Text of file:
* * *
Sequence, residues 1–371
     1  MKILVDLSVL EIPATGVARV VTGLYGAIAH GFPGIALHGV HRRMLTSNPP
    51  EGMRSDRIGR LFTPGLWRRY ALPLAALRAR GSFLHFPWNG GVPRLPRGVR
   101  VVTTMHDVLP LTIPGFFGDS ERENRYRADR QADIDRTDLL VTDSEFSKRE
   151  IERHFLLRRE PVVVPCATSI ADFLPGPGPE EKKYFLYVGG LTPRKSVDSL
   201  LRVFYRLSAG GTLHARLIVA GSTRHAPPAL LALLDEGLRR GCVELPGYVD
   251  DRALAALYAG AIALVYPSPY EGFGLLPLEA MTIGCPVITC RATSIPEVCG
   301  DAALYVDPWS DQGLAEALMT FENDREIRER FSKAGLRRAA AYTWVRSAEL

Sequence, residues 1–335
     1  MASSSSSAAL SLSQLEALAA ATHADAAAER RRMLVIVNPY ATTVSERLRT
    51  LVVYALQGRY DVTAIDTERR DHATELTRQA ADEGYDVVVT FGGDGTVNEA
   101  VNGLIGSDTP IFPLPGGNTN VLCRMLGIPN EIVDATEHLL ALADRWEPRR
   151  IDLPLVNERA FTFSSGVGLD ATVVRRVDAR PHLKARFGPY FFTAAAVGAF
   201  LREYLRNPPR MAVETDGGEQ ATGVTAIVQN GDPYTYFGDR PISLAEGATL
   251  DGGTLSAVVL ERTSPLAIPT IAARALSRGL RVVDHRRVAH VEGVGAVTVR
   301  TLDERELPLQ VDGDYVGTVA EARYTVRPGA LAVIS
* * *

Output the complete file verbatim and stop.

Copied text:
Sequence, residues 1–371
     1  MKILVDLSVL EIPATGVARV VTGLYGAIAH GFPGIALHGV HRRMLTSNPP
    51  EGMRSDRIGR LFTPGLWRRY ALPLAALRAR GSFLHFPWNG GVPRLPRGVR
   101  VVTTMHDVLP LTIPGFFGDS ERENRYRADR QADIDRTDLL VTDSEFSKRE
   151  IERHFLLRRE PVVVPCATSI ADFLPGPGPE EKKYFLYVGG LTPRKSVDSL
   201  LRVFYRLSAG GTLHARLIVA GSTRHAPPAL LALLDEGLRR GCVELPGYVD
   251  DRALAALYAG AIALVYPSPY EGFGLLPLEA MTIGCPVITC RATSIPEVCG
   301  DAALYVDPWS DQGLAEALMT FENDREIRER FSKAGLRRAA AYTWVRSAEL

Sequence, residues 1–335
     1  MASSSSSAAL SLSQLEALAA ATHADAAAER RRMLVIVNPY ATTVSERLRT
    51  LVVYALQGRY DVTAIDTERR DHATELTRQA ADEGYDVVVT FGGDGTVNEA
   101  VNGLIGSDTP IFPLPGGNTN VLCRMLGIPN EIVDATEHLL ALADRWEPRR
   151  IDLPLVNERA FTFSSGVGLD ATVVRRVDAR PHLKARFGPY FFTAAAVGAF
   201  LREYLRNPPR MAVETDGGEQ ATGVTAIVQN GDPYTYFGDR PISLAEGATL
   251  DGGTLSAVVL ERTSPLAIPT IAARALSRGL RVVDHRRVAH VEGVGAVTVR
   301  TLDERELPLQ VDGDYVGTVA EARYTVRPGA LAVIS